mechanisms, and that was deftly welcomed. but was not great was that we re were not able to get on the table the questions about the damages poorer countries are are now dealing with. lam poorer countries are are now dealing with. , ~., . poorer countries are are now dealing with. , w ~ , poorer countries are are now dealing with. , a, ., , . with. lyn morgain there, they cute so much for _ with. lyn morgain there, they cute so much forjoining _ with. lyn morgain there, they cute so much forjoining us _ with. lyn morgain there, they cute so much forjoining us on - with. lyn morgain there, they cute so much forjoining us on newsdayj with. lyn morgain there, they cute i so much forjoining us on newsday on that very important topic. —— thank you so much. russia has confirmed it's conducted a weapons test in space, targeting an unused russian satellite. the us said the test had endangered astronauts on board the international space station and called russia's action "dangerous and irresponsible". russia's defence ministry said the debris created posed no threat. here's our science correspondent rebecca morelle. it was a moment of high drama on the international space station, with an emergency call from mission control. sorry for the early call. we were recently informed of a satellite break—up and need to have you guys start reviewing
the safe haven procedure. on board, the seven strong crew — including two cosmonauts from russia — were told to take shelter inside their return capsules. it was to avoid hundreds of thousands of pieces of space debris, created after russia tested a missile system blowing up an old soviet spy satellite. nasa said it was unthinkable that russia would endanger lives. but russia's foreign minister, sergey lavrov, denied it was endangering peaceful space activities. travelling at speeds of around ia,000 mph, tiny pieces of debris can cause huge damage. that's just an ordinary stainless steel spoon that was hit at 6.1 kilometres per second by something that's two millimetres across. so you can see that it's gone straight through. a fleck of paint caused this crack in the window of the international space station
back in 2016. but larger fragments are causing much more concern. something the size of a golf ball, for example, roughly about three centimetres across, if that were to hit the space station, that would be large enough to go through the shields on the space station and cause catastrophic damage. nasa says the next few days will be critical. the space station passes through the debris field every 90 minutes. the worry is that some of the fragments will remain in orbit for years to come, adding to the growing junk that surrounds our planet. rebecca morelle, bbc news. we are going to try and go back to vancouver now and speak with justin mcelroy, a reporterfor the canadian broadcaster cbc. justin, i believe we now have that line connected to you was to previously, as i understand it, the connection was cut because of power issues in the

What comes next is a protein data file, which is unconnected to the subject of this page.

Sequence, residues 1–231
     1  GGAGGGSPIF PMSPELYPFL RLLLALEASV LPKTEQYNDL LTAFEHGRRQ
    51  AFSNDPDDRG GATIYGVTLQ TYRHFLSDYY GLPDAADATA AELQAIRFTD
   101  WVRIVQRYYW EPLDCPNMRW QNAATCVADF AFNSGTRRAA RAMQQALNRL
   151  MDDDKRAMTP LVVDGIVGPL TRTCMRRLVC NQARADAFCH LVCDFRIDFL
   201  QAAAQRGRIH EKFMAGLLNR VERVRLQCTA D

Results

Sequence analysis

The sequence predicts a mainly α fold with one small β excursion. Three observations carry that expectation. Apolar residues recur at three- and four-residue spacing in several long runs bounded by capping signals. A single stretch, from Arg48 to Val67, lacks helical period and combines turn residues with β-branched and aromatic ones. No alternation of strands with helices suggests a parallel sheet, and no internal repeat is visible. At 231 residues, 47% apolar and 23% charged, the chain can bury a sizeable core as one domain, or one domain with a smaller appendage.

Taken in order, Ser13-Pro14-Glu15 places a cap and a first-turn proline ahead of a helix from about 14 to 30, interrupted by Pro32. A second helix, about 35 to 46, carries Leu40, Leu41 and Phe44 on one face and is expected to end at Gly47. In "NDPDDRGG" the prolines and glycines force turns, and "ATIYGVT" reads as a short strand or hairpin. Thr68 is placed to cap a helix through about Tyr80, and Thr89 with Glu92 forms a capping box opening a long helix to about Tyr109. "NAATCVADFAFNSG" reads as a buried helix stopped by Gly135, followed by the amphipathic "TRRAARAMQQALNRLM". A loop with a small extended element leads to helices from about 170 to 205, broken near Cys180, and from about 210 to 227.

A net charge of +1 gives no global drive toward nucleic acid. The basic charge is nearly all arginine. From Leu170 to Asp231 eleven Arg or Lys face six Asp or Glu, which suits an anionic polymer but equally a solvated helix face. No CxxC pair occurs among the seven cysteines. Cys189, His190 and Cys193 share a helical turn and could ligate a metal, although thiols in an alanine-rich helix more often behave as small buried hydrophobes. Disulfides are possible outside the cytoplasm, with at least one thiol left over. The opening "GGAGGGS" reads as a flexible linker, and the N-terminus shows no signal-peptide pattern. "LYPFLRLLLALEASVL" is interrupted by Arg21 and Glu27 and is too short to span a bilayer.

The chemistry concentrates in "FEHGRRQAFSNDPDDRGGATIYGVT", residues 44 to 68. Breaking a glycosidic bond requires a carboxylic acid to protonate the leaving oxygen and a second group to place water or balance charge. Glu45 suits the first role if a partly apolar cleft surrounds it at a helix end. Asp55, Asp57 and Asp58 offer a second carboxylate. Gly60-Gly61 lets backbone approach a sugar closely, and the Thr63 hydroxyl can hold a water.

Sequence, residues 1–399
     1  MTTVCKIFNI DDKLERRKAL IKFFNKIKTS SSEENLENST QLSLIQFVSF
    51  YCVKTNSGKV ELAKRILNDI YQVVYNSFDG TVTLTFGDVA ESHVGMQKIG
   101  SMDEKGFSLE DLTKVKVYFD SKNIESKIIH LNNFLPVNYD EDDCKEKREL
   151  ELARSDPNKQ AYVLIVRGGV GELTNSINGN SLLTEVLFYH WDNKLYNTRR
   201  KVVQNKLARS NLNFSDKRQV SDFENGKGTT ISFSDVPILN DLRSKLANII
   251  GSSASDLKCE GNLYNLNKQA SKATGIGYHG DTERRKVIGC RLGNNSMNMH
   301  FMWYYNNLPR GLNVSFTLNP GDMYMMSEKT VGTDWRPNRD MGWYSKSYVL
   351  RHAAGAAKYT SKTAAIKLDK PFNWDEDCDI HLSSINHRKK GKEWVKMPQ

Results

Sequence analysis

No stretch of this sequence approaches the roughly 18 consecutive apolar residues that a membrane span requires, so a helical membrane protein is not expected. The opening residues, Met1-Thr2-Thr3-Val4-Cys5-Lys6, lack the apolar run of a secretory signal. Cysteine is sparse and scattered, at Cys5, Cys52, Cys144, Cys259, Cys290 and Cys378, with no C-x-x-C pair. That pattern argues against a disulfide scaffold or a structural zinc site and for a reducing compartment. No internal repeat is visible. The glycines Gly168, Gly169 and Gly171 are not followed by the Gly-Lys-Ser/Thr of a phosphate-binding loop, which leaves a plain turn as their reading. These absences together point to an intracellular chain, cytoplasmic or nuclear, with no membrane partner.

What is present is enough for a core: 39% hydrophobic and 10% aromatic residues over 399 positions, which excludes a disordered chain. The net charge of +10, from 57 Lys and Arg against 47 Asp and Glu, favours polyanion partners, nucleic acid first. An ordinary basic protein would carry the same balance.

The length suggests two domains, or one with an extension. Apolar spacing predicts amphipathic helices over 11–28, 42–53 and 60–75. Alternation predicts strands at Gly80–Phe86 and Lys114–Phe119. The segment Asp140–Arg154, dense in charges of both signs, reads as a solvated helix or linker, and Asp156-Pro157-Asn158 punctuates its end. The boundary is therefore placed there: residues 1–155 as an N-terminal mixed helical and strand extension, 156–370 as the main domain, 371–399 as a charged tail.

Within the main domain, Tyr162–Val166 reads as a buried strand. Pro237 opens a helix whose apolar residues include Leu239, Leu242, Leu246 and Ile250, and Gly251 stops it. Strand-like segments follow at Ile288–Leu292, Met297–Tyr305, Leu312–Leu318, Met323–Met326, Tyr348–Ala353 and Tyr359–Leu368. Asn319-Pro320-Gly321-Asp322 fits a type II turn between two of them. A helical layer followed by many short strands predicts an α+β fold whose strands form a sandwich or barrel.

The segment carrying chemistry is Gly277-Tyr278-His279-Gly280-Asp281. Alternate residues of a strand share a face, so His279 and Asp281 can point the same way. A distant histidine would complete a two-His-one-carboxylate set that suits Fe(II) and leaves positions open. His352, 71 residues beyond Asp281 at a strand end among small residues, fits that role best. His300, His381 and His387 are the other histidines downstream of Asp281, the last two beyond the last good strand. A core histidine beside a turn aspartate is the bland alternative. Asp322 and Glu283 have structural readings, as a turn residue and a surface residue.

area that you are reporting from, because of these floods that we have been telling our audiences about. can you just recap at this point how bad the situation is where you are right now? bad the situation is where you are riaht now? ., ., . ., right now? right now, in vancouver, it is sunny. — right now? right now, in vancouver, it is sunny. but _ right now? right now, in vancouver, it is sunny, but on _ right now? right now, in vancouver, it is sunny, but on sunday _ right now? right now, in vancouver, it is sunny, but on sunday and - it is sunny, but on sunday and monday, this region got as much rain in one day as it usually gets in about a month, and this is a pretty rainy part of the world, and so it created mud slides, flooding and a huge area of about 100 km wide each way, that's displeased about 10,000 people, it has caused a serious damage to several highways and it has meant that many people were stuck in their cars overnight. we are hearing word of fatalities in a couple places right now. it is the biggest weather that we have seen in this area for a flood in many decades, but it is just five months past an entire town burning down about 100 km from vancouver due to a heat dome that happened, certainly a